It’s slightly ironic that just 6 days after I blogged about “Social Networks in 2011 – it’s all about contextual networks“, Google should launch their new service: Google+, or Google Plus. Google+ is for my money, a sign of things to come and a significant disruption to the social media market. In fact, I think we will see a completely different landscape by the end of 2012 with a shift of power.
What does Google+ bring that’s new?
The most significant thing is the ability to easily build contextual networks. Its concept of “circles” allows you to group friends, enemies, mentors, colleagues, customers into easily managed lists that mean you can switch between social contexts. Don’t want to worry about work rubbish during the weekend? Switch to your friends circle and leave work behind.
Other than that there’s a bunch of useful things like the ability to chat, video chat, share photos etc. etc. I particularly like the “hangout” option, where you can video chat with a group of people that form part of a circle. As a blogger that loves the back channel, I can see that be a really useful place to have an off-the-record chat with a bunch of people.
What’s Google+ missing?
Tons of stuff. It feels pretty basic, the conversations aren’t well threaded and can be hard to follow and the email notifications are driving me a bit nuts. But none of that matters if Google invest in it and continue to improve user experience. Because they have a whole bunch of people around the world that use Google as their homepage, and those people will get their G+ bar at the top of the screen. And keep using it. Supposedly 10 million people have joined in 2 weeks, which is incredible – in the top 50 social media sites already.
Google+ vs Facebook
Facebook isn’t under any threat just yet and probably won’t be, because the social media market needs competition and Facebook offers that. They also have incredible customer loyalty, with FB people spending on average 30 minutes a day.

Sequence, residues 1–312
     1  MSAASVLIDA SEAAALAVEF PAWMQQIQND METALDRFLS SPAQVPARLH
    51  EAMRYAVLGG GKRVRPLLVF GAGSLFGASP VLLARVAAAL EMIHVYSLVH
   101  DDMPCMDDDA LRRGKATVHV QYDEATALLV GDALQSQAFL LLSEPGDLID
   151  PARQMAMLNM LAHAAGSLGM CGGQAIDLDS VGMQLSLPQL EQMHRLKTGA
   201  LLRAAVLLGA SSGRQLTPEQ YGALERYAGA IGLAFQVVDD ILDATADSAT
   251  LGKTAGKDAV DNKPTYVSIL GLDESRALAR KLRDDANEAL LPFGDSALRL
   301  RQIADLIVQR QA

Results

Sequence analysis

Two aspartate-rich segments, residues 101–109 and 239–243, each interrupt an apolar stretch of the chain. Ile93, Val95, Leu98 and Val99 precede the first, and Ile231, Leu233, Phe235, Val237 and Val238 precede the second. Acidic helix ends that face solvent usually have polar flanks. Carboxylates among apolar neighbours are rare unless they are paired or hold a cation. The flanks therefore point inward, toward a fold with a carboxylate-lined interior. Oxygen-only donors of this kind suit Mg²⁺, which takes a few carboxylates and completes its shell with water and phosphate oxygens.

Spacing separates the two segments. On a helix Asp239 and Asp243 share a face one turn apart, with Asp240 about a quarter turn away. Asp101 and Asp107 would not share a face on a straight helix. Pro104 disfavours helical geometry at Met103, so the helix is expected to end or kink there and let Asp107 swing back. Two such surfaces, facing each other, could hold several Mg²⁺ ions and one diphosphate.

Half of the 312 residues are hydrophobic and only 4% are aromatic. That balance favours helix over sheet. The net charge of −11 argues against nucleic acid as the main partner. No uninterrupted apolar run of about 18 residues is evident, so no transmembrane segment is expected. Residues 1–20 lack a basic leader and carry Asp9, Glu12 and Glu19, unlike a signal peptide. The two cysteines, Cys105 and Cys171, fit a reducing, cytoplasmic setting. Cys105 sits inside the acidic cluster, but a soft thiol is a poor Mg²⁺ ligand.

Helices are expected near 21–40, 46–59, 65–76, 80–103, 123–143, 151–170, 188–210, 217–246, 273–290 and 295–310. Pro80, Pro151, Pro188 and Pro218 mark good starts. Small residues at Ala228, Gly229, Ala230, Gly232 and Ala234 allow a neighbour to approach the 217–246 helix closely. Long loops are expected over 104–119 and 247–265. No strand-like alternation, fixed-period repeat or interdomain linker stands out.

But Facebook is starting to feel a bit limiting – you can’t easily group people which means that having work and personal contacts in one place can be uncomfortable, and as a collaboration platform for documents, rich media and videos, it is a bit limiting. Plus they have been slow to market with mobile apps – something which Google appear to have got right on day 1 – there is an iPad app on the way through the Apple approvals process.
Google+ vs Twitter
I think Twitter is in real trouble. It has poor support for threaded conversations and can be impossible to follow. Plus it’s really difficult to manage lists of people and keeping your followers under control is a pain. Add to that a growing spam problem and the limitation of 140 characters when most devices are rich and allow longer updates to be read easily.
Google+ isn’t taking Twitter on head to head yet, but if they improve the conversation thread, email notifications and provide excellent mobile apps, people may flock to it en masse.
Google+ vs LinkedIn
Again I think LinkedIn is in real trouble. It’s a poor platform for collaboration and most people use it as an online CV and linking engine – I often use it to check out new recruits, customers etc.
If Google build in the professional side of LinkedIn – support for places to work, recommendations, shared contacts and company sites, I think that LinkedIn is in real trouble fast, because they’re not a destination site – just somewhere that you go to get a job done.
Google+ vs Skype
Again I think Skype is in real trouble. Facebook doesn’t do video or audio chat yet (get a move on Zuckerberg) and Google+ support for chats and hangouts is fantastic – they have used the GTalk engine. My initial test suggest that Skype remains much better especially on poor connections, but Google may fix this.
If so I can see myself using G+ above Skype because it’s convenient and I’m there already, and so are my friends and colleagues. Which may be a worry for the $8bn that Microsoft just spent, although they need the technology platform for other purposes e.g. Lync.
Google+ vs Apple
It’s an interesting one because Apple are approaching it from the other angle – get your documents, emails and music in their cloud first. But make no mistake, it’s a content war – the war to get your content uploaded to their website. Once they’re there, building out the Social Media platform around it can only come next. But their position is safe building from the other direction with iCloud for now.
Just my opinion but I think by the end of 2012, we will have seen a consolidation of the major players and Apple, Google and Facebook will start to be the 3 dominant social media players.
It’s bad news for LinkedIn, Skype, Twitter and others but I think it’s an inevitable consequence of the fragmented market.